Absinthe of Malice?

Absinthe, banned in this country for nearly a century, may be making a comeback, according to Local6.com of Jacksonville, Florida:

Absinthe, a high-proof liquor that has been illegal in the United States since the early 1900s, has begun creeping its way back onto store shelves.

The green liquor that is sometime called the queen of poisons has been banned since 1915.

However, some companies have found away around the ban, WJXT-TV reported.

“It was outlawed because of the narcotic quality,” said Riverside Liquors owner David Joudi. “It’s already being imported into the states under camouflage of packaging.”

Read the rest at the link above. The alleged “narcotic” in absinthe is a substance derived from wormwood, one of the liquor’s ingredients, thujone. Thujone is toxic in high enough doses, but only trace amounts are in absinthe, and there are no known “narcotic” effects. The “narcotic” or “hallucinogenic” effects attributed to absinthe come not from any drug, but from the beverage’s high alcohol content. It is typically distilled to concentrations up to 160 proof, or 80% pure alcohol – far more potent than the average liquors, which range from 80 to 100 proof.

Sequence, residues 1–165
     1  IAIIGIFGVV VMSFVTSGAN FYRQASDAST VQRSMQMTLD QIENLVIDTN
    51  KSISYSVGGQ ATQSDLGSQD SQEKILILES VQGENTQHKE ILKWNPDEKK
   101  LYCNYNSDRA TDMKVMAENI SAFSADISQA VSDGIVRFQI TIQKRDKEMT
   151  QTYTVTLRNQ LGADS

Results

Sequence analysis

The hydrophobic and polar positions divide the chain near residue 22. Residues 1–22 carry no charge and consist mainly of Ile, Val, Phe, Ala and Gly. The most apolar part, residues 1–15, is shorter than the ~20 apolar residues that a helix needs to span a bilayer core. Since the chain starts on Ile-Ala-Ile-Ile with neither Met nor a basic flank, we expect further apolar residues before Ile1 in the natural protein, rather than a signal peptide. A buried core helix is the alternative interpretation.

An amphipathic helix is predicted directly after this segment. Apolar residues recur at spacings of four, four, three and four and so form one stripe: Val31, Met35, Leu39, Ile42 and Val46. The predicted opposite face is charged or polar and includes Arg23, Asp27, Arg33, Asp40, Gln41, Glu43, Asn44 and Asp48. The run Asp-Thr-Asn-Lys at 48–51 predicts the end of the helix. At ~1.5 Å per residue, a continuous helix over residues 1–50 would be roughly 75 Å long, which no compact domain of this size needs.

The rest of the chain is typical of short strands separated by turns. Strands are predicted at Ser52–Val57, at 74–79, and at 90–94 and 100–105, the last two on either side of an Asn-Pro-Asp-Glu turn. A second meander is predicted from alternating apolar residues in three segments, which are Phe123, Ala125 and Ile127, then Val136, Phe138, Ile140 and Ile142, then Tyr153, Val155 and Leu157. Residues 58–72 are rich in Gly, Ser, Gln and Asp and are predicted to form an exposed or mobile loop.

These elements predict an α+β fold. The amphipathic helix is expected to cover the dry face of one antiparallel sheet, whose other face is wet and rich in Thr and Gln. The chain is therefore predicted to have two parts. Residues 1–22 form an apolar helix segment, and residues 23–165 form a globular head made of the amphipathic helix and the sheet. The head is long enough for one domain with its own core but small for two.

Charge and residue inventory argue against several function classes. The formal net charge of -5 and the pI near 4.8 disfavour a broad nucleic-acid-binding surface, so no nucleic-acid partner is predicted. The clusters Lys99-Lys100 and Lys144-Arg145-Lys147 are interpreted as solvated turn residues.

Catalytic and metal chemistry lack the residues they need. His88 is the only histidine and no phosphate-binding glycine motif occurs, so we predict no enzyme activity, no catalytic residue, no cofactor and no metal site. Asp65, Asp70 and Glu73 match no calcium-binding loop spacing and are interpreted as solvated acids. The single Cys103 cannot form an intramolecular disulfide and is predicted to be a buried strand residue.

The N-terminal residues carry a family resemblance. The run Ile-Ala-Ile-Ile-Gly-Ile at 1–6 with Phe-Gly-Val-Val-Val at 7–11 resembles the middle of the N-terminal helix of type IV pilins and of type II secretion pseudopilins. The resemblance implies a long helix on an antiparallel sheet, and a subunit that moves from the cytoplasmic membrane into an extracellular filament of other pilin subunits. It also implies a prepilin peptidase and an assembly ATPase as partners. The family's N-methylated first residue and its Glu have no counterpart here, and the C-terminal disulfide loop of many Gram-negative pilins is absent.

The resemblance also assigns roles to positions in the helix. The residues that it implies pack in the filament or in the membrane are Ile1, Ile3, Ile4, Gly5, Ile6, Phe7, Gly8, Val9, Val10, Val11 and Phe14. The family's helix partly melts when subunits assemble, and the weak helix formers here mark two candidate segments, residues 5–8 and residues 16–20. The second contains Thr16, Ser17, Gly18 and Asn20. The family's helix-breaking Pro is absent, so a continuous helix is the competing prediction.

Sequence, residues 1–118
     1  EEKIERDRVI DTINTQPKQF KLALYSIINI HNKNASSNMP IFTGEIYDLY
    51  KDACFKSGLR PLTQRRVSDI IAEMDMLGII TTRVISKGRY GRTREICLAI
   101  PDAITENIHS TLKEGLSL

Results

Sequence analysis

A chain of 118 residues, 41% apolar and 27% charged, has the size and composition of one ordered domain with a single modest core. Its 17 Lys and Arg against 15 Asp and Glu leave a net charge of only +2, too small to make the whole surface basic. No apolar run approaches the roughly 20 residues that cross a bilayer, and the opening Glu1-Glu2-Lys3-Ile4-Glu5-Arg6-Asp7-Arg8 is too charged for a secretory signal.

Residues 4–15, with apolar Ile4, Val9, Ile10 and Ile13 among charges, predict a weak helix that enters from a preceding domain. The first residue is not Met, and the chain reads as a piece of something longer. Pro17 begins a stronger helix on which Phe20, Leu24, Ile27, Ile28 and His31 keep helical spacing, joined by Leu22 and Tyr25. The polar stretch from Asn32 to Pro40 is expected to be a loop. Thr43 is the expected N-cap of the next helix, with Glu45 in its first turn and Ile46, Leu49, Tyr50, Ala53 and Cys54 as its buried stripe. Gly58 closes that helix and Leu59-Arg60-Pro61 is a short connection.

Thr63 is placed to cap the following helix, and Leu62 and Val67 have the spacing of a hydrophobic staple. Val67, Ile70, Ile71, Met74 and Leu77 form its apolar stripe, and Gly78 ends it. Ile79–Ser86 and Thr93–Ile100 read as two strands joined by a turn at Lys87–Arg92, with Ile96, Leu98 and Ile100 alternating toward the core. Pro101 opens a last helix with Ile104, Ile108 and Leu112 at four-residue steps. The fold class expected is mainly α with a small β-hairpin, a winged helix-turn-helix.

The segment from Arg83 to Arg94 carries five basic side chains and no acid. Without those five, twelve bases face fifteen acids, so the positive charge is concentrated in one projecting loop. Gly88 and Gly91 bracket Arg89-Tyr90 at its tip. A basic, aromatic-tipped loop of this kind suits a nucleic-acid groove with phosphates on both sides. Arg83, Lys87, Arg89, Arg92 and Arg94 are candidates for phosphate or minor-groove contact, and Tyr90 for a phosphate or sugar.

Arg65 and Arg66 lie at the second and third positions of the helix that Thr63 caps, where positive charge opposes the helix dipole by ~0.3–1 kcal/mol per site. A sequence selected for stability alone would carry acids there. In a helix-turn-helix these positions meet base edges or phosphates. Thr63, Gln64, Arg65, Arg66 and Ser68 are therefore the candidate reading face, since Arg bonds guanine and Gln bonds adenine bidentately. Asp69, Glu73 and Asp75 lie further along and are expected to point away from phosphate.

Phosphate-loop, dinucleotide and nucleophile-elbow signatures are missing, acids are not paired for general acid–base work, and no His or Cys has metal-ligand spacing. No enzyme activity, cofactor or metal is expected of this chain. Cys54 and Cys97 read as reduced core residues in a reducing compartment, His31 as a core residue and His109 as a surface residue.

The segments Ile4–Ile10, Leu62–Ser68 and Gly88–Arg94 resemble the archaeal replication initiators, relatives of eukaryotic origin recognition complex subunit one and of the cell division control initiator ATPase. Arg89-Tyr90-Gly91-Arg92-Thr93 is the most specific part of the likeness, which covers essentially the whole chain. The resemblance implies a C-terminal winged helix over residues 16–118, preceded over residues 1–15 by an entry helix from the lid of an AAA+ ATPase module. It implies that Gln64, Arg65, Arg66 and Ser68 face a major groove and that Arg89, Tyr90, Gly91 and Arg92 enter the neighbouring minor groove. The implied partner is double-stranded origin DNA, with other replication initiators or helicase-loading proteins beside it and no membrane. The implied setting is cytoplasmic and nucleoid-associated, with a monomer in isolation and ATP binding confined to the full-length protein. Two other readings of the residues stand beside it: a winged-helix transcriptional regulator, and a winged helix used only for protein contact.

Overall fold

If you ate traditional sage dressing at Thanksgiving, you received a higher dose of thujone than you would have from drinking absinthe. Before you could consume a toxic dose of thujone from absinthe, you would die of alcohol poisoning. Sage oil, commonly sold in health food stores, contains many times the concentration of thujone present in absinthe.

Absinthe’s legendary “aphrodisiac” properties are likewise due to its high alcohol content, not any function of wormwood or thujone. As the old saying goes, “Candy is dandy, but liquor is quicker.”

There is no legitimate reason absinthe should be outlawed if grain alcohol can be sold. Free the Green Faerie!

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